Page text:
There’s an obvious sex tech application of the brain implants which is spelled out in the show, so I won’t go into it in too much detail. The idea is that you – or someone else – can program your dreams, giving you a filthy night with the perfect lover, an orgy with ten clones of them, or anything else your pervy brain can imagine. Naturally that’s pretty hot, but the implications of it go beyond just ‘you can shag who you like while you sleep’ – a Men Against Fire world would, I suspect, lead to renewed demands for censorship and regulation, as angry conservatives become horrified by just how far you can go in your dreams.
Beyond the dream thing, though, imagine if the ability to edit appearance was an optional ‘sex tech’ upgrade? Having a brain implant that allows you to see people differently could have some super-hot implications at orgies and events. If anyone could program their digital avatar to appear different to others, fancy-dress sex parties would suddenly become extraordinary: real-life Jessica Rabbits hopping on sex swings at fetish clubs; Luke Cages wandering in to Marvel-themed orgies; all the different Batmans hanging out together for a gang-bang? The possibilities here are amazing.
But most great sex tech is about more than just surface level horn: on top of simple appearance-editing, tech like that in Men Against Fire could also be incredible for relationships. It could, in fact, do the opposite of what it’s intended for in the episode, and increase empathy rather than obliterating it. Imagine if you could alter your digital avatar (or those of other people) so that what you see makes you look more alike, rather than less? It could give you the experience of inhabiting other bodies, and seeing how people react to them. You could experience what it’s like attending a party looking like your partner, while they look like you, and see the world from the eyes of people giving their first impressions. Those ‘We Showed Men A Video Of Their Girlfriend Getting Harassed On The Street’ videos which did the rounds about 6 months ago could be played out in real life – giving people the chance to not just believe but truly comprehend what it’s like to be someone else in public.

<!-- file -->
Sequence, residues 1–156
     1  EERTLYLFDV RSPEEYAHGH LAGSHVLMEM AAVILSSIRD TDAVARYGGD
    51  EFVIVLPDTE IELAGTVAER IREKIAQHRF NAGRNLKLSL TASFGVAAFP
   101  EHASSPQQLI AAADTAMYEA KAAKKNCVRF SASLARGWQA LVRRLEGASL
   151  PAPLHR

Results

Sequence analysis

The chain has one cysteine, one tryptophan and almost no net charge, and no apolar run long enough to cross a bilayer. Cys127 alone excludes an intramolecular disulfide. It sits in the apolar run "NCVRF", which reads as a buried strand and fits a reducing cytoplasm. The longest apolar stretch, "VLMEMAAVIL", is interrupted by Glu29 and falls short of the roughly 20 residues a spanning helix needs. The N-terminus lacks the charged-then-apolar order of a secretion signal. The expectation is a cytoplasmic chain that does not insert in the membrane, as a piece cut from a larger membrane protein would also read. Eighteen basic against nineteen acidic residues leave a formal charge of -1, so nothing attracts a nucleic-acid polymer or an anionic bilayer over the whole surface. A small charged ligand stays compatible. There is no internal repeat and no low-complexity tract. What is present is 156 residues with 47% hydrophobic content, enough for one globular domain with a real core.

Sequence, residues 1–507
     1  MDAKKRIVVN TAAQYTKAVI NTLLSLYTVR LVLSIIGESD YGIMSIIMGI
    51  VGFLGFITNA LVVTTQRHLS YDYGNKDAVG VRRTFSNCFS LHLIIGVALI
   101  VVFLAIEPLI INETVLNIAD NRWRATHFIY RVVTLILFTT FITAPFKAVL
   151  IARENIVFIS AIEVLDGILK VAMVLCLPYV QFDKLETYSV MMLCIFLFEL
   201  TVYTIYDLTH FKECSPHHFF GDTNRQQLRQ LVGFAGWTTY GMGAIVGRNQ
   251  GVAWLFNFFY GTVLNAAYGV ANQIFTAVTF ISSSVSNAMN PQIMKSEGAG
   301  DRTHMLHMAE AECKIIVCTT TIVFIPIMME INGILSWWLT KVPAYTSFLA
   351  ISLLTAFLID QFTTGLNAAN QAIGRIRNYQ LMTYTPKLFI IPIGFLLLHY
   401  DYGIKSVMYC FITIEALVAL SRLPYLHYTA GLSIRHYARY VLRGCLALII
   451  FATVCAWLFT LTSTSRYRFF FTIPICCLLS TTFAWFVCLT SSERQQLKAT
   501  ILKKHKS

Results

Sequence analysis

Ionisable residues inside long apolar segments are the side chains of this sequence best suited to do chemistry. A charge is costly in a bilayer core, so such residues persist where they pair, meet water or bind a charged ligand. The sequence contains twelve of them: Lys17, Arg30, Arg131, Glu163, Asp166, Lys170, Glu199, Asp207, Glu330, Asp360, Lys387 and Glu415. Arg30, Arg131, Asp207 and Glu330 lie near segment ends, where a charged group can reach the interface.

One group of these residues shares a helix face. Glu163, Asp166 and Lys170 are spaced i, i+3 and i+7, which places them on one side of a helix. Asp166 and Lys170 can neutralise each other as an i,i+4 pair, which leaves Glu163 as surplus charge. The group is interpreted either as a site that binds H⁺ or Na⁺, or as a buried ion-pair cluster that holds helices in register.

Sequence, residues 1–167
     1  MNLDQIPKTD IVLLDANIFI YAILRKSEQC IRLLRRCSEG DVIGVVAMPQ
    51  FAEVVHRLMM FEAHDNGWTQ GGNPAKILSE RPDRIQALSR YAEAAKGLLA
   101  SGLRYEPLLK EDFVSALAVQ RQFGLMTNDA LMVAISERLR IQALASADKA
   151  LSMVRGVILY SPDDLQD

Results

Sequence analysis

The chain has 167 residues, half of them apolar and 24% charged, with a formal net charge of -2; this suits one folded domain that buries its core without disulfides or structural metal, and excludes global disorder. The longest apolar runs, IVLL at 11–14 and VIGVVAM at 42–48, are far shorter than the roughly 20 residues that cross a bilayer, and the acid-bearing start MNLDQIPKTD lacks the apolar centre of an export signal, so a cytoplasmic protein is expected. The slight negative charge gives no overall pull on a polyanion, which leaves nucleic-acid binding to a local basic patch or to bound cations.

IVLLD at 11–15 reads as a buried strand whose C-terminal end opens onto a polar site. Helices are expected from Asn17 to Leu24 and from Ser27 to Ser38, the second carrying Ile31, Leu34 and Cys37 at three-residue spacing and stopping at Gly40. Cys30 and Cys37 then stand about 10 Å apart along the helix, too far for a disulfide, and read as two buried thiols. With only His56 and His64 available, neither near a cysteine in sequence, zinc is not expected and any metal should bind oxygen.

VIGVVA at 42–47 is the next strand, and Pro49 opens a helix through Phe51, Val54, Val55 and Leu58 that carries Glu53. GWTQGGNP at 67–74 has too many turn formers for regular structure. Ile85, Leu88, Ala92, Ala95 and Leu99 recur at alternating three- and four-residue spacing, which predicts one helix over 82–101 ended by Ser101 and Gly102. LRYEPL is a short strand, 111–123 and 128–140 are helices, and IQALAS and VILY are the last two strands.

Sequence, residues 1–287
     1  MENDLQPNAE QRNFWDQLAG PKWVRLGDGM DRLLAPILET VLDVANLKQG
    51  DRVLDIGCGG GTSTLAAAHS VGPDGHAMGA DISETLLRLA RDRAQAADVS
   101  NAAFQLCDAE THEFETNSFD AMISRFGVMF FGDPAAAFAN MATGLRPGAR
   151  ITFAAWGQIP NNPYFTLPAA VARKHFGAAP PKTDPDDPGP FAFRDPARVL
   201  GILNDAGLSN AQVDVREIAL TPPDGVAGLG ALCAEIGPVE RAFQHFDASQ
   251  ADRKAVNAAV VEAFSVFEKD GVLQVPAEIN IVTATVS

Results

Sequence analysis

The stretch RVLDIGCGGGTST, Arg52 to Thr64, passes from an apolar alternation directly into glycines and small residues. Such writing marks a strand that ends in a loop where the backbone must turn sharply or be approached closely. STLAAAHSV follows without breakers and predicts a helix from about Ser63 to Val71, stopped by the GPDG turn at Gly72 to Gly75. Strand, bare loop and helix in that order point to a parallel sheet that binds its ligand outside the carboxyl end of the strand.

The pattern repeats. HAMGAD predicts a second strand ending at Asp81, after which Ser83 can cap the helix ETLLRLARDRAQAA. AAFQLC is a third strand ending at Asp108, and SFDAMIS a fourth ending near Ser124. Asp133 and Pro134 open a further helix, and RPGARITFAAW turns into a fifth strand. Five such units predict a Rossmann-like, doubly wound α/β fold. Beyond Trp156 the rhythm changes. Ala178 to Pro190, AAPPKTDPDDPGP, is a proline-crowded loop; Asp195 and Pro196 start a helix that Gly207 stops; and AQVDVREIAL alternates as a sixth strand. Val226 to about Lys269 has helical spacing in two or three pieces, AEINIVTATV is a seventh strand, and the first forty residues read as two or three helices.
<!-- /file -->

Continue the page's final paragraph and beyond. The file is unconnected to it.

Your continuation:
You could have sex while inhabiting the body of someone with different genitals or smaller tits. You could go online dating as someone older, younger, fatter, whatever. And you could experience the rest of your life knowing that someone’s physical appearance may be wildly different on any given day, depending on their mood. After long enough with that kind of technology, where you’re never sure what other people look like without the implants, what happens to your relationships? In my opinion, likely you’ll start to care less about the ‘truth’ of someone’s looks, and far more about how their digital avatar represents them as a person. How they interact with you, whether your kinks match rather than your ‘hotness rating’, how kind they are or how good at dirty talk. For want of a better word: their soul.